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    microRNAs (miRs) are fundamental regulators of protein coding genes. In the CNS, miR-9 is highly enriched and critical for neuronal development and function. Mature miRs are derived from a duplex precursor, and the -5p strand ("guide") is preferentially incorporated into an RNA-induced silencing complex (RISC) to exert its regulatory functions, while the complementary -3p strand ("passenger") is thought to be rapidly degraded. By contrast, both strands of the miR-9 duplex have unique functions critical for neuronal physiology, yet their respective degradation rates and mechanisms governing degradation are not well understood. Therefore, we determined the degradation kinetics of miR-9-5p and miR-9-3p and investigated the cis and trans elements that affected their stability in the brain. Using a combination of homogeneous neuronal/astrocyte cell models and heterogeneous brain tissue lysate, we demonstrate the novel finding that miR-9-3p was more stable than the miR-9-5p guide strand in all models tested. Moreover, the degradation kinetics of both miR-9-5p and miR-9-3p were brain-region specific, suggesting that each brain region was differentially enriched for specific degradation factors. We also determined that the 3' nucleotides harbor important cis elements required to not only maintain stability, but also to recruit potential protein degradation factors. We used mass spectrometry to assess the miR-9 interacting proteins and found that the -5p and -3p strands were associated with functionally distinct proteins. Overall, these studies revealed unique miR-9-5p and miR-9-3p degradation kinetics in the brain and proposed critical nucleotide sequences and protein partners that could contribute to this differential stability. Copyright © 2020 Kim et al.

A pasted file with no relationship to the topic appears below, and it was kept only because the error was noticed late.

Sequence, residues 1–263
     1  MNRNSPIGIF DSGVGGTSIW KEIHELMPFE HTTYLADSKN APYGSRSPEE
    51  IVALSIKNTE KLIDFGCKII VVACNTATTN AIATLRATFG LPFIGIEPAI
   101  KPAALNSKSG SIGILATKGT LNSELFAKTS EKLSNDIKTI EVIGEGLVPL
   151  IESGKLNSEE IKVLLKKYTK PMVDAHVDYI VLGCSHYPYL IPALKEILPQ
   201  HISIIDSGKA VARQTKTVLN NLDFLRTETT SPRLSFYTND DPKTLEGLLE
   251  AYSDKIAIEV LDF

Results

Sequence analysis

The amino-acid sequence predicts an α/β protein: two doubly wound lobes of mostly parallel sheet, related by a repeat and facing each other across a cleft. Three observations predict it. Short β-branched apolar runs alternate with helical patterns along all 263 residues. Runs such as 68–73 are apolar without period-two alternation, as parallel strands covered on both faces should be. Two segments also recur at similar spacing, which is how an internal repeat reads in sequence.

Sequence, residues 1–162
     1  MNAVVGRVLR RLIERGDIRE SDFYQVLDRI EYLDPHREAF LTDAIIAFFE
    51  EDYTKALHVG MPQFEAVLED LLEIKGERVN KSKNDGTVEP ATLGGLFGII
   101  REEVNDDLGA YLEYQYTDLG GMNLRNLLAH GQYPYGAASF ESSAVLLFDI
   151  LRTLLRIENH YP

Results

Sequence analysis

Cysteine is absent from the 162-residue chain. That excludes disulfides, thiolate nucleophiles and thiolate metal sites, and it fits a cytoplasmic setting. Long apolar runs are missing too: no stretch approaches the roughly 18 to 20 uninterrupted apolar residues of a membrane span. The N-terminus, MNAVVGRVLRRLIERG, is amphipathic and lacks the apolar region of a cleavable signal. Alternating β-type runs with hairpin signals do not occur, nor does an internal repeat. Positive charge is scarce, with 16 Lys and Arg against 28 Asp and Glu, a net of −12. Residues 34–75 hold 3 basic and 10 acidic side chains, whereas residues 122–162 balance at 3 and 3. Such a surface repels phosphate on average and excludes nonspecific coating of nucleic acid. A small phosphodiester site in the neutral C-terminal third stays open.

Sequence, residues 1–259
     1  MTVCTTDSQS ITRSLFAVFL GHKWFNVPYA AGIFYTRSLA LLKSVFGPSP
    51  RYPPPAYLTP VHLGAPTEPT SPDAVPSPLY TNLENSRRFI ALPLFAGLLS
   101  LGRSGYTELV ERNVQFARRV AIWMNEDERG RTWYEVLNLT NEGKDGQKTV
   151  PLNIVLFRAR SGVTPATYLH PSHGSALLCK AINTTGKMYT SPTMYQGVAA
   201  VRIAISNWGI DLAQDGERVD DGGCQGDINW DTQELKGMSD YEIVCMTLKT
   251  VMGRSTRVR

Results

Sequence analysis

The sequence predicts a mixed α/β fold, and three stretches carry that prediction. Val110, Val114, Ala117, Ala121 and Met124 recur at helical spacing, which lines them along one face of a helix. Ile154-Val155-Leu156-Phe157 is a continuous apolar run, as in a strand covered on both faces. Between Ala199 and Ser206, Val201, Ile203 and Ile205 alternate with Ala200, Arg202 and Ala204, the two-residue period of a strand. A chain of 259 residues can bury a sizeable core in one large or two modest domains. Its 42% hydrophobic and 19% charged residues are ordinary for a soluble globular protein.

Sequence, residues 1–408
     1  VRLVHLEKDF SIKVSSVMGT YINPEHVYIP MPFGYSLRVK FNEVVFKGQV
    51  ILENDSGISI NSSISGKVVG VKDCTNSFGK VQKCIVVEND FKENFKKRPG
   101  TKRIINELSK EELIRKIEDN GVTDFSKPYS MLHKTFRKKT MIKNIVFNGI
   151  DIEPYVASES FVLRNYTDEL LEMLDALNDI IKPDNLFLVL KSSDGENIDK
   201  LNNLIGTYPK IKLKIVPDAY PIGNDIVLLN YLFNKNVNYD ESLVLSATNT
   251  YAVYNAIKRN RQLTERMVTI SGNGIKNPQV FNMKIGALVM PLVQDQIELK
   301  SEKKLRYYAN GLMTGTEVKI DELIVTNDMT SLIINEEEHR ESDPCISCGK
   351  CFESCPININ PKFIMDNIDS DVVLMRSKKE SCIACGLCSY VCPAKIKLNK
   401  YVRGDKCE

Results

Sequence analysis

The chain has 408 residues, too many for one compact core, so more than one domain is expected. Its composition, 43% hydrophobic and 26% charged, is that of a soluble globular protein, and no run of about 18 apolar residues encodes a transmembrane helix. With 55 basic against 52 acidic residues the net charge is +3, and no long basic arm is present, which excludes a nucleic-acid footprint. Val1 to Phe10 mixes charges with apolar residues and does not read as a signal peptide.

C K Kim, A Asimes, M Zhang, B T Son, J A Kirk, T R Pak. Differential Stability of miR-9-5p and miR-9-3p in the Brain Is Determined by Their Unique Cis- and Trans-Acting Elements. eNeuro. 2020 May/Jun;7(3)

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    PMID: 32376600

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